A neon lamp (also neon glow lamp) is a miniature gas discharge lamp. The lamp typically consists of a small glass capsule that contains a mixture of neon and other gases at a low pressure and two electrodes (an anode and a cathode). When sufficient voltage is applied and sufficient current is supplied between the electrodes, the lamp produces an orange glow discharge. The glowing portion in the lamp is a thin region near the cathode; the larger and much longer neon signs are also glow discharges, but they use the positive column which is not present in the ordinary neon lamp. Neon glow lamps are widely used as indicator lamps in the displays of electronic instruments and appliances.
Georges Claude - Inventor of the First Neon Lamp
The word neon comes from the Greek "neos," meaning "the new gas." Neon gas was discovered by William Ramsey and M.W. Travers in 1898 in London. Neon is a rare gaseous element present in the atmosphere to the extent of 1 part in 65,000 of air. It is obtained by liquefaction of air and separated from the other gases by fractional distillation.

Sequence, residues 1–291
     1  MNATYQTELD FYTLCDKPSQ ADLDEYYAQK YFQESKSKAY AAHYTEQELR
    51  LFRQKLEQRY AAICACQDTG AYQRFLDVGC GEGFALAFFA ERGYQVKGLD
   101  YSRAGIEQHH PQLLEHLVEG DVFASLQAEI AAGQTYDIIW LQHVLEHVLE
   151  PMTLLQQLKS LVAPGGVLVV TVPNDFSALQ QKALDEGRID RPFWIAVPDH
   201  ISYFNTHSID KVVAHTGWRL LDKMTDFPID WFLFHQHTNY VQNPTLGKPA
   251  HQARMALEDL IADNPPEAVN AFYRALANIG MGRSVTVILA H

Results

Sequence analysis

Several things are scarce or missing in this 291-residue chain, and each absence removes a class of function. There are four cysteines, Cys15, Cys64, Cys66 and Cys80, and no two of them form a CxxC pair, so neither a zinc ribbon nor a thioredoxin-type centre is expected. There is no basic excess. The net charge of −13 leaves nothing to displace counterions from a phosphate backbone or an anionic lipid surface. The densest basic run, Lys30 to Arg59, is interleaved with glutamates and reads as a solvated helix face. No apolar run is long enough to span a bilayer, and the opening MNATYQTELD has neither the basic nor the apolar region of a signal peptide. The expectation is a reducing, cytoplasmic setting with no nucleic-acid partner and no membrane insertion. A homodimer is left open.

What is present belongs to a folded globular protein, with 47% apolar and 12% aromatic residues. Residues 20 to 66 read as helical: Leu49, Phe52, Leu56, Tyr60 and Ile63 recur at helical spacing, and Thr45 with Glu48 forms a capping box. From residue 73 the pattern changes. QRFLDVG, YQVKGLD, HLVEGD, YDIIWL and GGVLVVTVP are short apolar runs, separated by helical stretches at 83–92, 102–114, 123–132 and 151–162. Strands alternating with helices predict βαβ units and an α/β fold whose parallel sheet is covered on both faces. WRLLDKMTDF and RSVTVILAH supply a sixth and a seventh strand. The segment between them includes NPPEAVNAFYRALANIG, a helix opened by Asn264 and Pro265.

The French engineer, chemist, and inventor Georges Claude (b. Sept. 24, 1870, d. May 23, 1960), was the first person to apply an electrical discharge to a sealed tube of neon gas (circa 1902) to create a lamp. Georges Claude displayed the first neon lamp to the public on December 11, 1910, in Paris.
Georges Claude patented the neon lighting tube on Jan. 19th, 1915 - U.S. Patent 1,125,476.
In 1923, Georges Claude and his French company Claude Neon, introduced neon gas signs to the United States, by selling two to a Packard car dealership in Los Angeles. Earle C. Anthony purchased the two signs reading "Packard" for $24,000.
Neon lighting quickly became a popular fixture in outdoor advertising. Visible even in daylight, people would stop and stare at the first neon signs dubbed "liquid fire."